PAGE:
The first submarine under P-75 – INS Kalvari, named after the first Indian submarine, was commissioned in December 2017, and the following four boats were delivered between FY20 and FY23. The last boat of the class – INS Vagsheer, is currently undergoing sea trials and scheduled for delivery by the end of the current financial year (FY24). 

Earlier this year, Naval Group signed an agreement with DRDO’s NMRL (Naval Materials Research Laboratory) to certify the AIP design for integration in the submarines. DRDO signed a contract with the Indian firm Larsen & Toubro (L&T) in June 2023 for realization of two AIP system modules for the Kalvari class submarines. Refit of the first submarine – INS Kalvari – is targeted around mid-2025. Scope of the refit and fitment of DRDO AIP system will depend on it being proven on an underwater platform. 

Project-75 India

P-75I is the second project under the 30-year plan, which was to help establish two shipyards in India that were capable of constructing attack submarines. P-75 and P-75I were, initially, supposed to be executed simultaneously with the first P-75I submarine being laid a year or two after P-75. This plan could not be pursued for various reasons, mainly financial and difficulties faced during P-75I.

The Indian Navy released a Request For Information (RFI) in 2008 to procure six conventional submarines. Of the six, two submarines were to be built at collaborators shipyard and four submarines at two Indian shipyards. Defence Acquisition Council (DAC) granted the in-principle approval to the project in 2010 which was revised in 2013 and 2014. Indian Navy re-issued the RFI in 2017 with the intent to build it under the strategic partnership model where a private partner will be able to partner up with a foreign vendor and place its bid. Two Indian shipyards – MDL and L&T – were shortlisted by the Ministry of Defence with five foreign design houses.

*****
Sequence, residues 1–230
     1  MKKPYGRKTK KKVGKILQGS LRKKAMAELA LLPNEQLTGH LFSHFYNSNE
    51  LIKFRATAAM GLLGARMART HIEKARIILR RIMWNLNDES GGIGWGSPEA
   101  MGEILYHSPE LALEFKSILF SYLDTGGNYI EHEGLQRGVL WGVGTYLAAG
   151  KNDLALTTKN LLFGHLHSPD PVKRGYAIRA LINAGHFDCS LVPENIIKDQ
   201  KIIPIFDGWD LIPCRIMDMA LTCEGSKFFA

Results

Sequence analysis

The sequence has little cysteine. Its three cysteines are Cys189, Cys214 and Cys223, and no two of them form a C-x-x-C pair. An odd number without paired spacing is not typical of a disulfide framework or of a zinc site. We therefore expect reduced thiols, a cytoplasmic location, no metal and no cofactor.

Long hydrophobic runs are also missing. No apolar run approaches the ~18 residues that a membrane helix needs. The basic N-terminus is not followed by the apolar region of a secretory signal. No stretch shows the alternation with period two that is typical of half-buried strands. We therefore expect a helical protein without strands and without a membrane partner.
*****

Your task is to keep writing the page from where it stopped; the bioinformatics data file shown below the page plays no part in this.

MoD issued the RFP in July 2021 with the response date being extended three times. The Indian Navy has asked for a proven submarine design (or in sea trials) fitted with fuel cell-based AIP system and capable of firing SLCMs, using either torpedo tubes or VLS cells. The requirement of a proven fuel cell-based AIP system disqualified the French and the Russian design houses, leaving Germany’s TKMS, South Korea’s DSME (now Hanwha Ocean), and Spain’s Navantia in the race.

MDL was earlier going to tie up with South Korean firm DSME for the project, but the Korean interest in the project withered after acquisition by Hanhwa. MDL and TKMS entered a mutually exclusive agreement to move forward with each other and submit the bid for P-75I. L&T and Navantia signed a ‘Teaming Agreement’ in July 2023 for the purpose of submitting a bid for P-75I. Navantia will be offering a S80 class derivative, while it is not clear which submarine design will be offered by the MDL-TKMS partnership.